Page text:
Poland’s Overseas Overtures [NGW Magazine]
Representatives of a dozen or so central and eastern European countries met in Bucharest September 17-18 as part of the Three Seas Initiative to discuss ways to increase their co-operation, especially in the energy sector. According to some reports, their major concern was the dependence on Russian gas, which would rise after the completion of Nord Stream 2 (NS2).
The alternative to this gas would be US LNG. Poland was one of the major players in the discussion, and the entire meeting received the blessing of the US. Logically, soon after the meeting, the Polish president Andrzej Duda met the US president Donald Trump in Washington, where several agreements were signed, of which one was related to gas.
A month later the Polish state-run energy company PGNiG converted two heads of agreement to buy US LNG from Venture Global into firm contracts; and it bought an upstream stake from Equinor the following day (see box).
Supposedly, the gas would be enough not only for Poland’s needs, but also for the countries which had attended the previous meeting. Trump promised his Polish counterpart that the price for gas would be “good” and the entire arrangement looked almost like a newer edition of the Berlin Airlift of 1948, when the US provided blockaded West Berlin with all the necessities of life.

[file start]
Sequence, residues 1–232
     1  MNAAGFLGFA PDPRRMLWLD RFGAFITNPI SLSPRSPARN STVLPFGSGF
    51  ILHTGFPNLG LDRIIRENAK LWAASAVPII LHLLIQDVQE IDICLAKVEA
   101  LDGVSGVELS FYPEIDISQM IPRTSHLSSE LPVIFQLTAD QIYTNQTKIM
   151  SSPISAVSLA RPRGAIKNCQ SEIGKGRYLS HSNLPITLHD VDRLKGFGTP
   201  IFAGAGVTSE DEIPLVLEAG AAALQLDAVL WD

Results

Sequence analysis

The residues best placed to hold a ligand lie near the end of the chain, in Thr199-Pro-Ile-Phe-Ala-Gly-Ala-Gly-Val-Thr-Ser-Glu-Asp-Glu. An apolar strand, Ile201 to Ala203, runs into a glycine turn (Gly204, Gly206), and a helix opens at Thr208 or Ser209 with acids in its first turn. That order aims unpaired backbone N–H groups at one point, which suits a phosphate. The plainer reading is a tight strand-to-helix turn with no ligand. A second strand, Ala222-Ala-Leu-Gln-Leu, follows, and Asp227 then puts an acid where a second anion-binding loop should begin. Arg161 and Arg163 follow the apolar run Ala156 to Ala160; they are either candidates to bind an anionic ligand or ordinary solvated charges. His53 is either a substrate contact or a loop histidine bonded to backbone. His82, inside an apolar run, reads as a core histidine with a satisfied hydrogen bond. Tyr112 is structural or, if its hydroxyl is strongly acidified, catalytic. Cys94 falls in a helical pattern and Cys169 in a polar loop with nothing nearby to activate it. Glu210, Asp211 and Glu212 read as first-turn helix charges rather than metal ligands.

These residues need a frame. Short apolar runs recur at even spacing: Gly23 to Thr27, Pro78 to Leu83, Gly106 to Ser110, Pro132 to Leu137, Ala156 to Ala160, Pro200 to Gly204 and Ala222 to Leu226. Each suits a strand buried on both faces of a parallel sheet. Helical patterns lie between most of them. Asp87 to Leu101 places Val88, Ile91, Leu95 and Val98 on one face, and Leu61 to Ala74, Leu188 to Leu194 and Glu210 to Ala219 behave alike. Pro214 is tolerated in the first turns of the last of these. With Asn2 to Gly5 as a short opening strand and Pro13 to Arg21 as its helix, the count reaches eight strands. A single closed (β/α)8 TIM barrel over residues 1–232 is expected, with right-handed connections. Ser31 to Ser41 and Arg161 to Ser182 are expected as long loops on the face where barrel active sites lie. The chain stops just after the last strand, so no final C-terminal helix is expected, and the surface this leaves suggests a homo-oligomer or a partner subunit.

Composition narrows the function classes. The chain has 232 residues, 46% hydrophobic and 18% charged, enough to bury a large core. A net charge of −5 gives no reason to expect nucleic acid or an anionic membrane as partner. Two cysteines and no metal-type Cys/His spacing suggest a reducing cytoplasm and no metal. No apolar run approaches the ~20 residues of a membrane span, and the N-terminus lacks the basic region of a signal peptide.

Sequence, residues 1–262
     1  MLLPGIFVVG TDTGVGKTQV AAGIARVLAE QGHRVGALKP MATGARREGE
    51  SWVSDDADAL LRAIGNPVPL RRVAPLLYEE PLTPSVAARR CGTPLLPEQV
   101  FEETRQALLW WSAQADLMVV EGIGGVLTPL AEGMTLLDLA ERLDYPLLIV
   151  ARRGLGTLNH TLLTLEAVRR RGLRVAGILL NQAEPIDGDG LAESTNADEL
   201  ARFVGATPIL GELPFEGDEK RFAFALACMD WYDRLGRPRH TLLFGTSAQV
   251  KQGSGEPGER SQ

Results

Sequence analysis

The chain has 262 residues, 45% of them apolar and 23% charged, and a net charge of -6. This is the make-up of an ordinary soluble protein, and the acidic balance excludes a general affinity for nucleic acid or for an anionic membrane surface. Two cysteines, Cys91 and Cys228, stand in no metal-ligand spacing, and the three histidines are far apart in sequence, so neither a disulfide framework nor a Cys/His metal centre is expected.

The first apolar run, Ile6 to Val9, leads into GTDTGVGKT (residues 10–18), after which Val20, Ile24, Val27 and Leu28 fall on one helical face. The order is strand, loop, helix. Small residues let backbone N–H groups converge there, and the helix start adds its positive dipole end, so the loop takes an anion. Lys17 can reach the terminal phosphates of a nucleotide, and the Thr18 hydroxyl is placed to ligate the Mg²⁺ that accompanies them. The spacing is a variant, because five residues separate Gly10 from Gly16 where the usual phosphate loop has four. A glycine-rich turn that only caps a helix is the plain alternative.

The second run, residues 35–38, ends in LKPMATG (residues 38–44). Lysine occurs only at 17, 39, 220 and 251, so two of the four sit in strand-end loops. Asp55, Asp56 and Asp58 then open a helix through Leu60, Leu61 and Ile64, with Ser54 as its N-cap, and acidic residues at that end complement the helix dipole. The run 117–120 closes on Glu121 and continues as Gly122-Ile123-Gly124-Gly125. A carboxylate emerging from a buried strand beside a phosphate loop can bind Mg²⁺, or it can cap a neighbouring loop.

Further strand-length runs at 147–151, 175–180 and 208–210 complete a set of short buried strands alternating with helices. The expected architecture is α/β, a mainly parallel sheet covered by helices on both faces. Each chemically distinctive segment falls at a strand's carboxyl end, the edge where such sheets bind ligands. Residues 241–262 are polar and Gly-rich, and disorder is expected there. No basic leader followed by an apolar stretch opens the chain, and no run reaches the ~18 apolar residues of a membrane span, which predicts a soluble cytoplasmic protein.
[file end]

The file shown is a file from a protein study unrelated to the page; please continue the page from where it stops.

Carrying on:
It is unlikely, however, that Trump, with his mindset of a salesman and “America First” philosophy, would provide Poland, or any other country, with much of a discount. It is Poland that seems ready to pay up, as the gas is linked to prices beyond Trump’s direct control.
Poland’s desire to accommodate Trump can be seen in another proposal: Warsaw proclaimed that it was ready to provide several billion dollars to build “Fort Trump” in Poland, which would be a permanent military base, manned only by American soldiers. What explains Warsaw’s generosity and desire to have an American base, given it is already a member of Nato and has a Nato base? The number of American soldiers would not be much larger than are already housed there, so the question arises, why is Warsaw eager to please Washington?
One seems to find an easy answer: Poland is quite concerned about Russia from several points of view, gas included: gas is high on Poland’s agenda. Warsaw is fearful that Russia could use its control over the gas lines from the Soviet era and block gas delivery in the event of a political crisis.
One could note that Warsaw took into account possible problems after 2019, which is the year when Moscow plans to finish building NS 2 and end the sending of gas through Ukraine, or at least diminish the amount considerably. Poland could suffer as a result of this arrangement. Still, even here, Poland would not suffer: Russian gas would reach Germany, and from here it could cross the eastern border and enter Poland.
Germany has ambitions to become the gas hub for all of Europe, with the two Nord Streams and LNG import capacity as well as Norwegian and Dutch pipelines coming in to its grid. Germany is a part of the EU, as is Poland, and German officials, including the current chancellor Angela Merkel, have publicly proclaimed that Germany will take into account not just the interest of EU members but even Ukraine, which is not a member of the EU.